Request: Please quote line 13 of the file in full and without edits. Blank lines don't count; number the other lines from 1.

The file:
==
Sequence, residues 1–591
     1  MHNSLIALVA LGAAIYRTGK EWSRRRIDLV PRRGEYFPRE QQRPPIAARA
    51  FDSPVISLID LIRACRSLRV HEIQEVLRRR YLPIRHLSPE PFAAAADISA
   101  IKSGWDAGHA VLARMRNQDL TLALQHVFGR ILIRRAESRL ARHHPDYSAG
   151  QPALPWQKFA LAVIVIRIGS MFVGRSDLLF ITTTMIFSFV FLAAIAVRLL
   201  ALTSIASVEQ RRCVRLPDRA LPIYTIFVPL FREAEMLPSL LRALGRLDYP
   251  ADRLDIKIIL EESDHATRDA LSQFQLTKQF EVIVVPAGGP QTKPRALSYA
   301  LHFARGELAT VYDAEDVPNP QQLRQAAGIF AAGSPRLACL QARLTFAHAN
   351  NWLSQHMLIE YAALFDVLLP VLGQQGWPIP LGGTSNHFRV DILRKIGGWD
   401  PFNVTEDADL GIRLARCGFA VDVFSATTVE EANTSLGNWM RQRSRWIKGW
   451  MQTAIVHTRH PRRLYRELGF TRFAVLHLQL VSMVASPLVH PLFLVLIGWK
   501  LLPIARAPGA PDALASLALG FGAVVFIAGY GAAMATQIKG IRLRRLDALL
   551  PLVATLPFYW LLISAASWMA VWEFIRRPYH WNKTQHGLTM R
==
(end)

   551  PLVATLPFYW LLISAASWMA VWEFIRRPYH WNKTQHGLTM R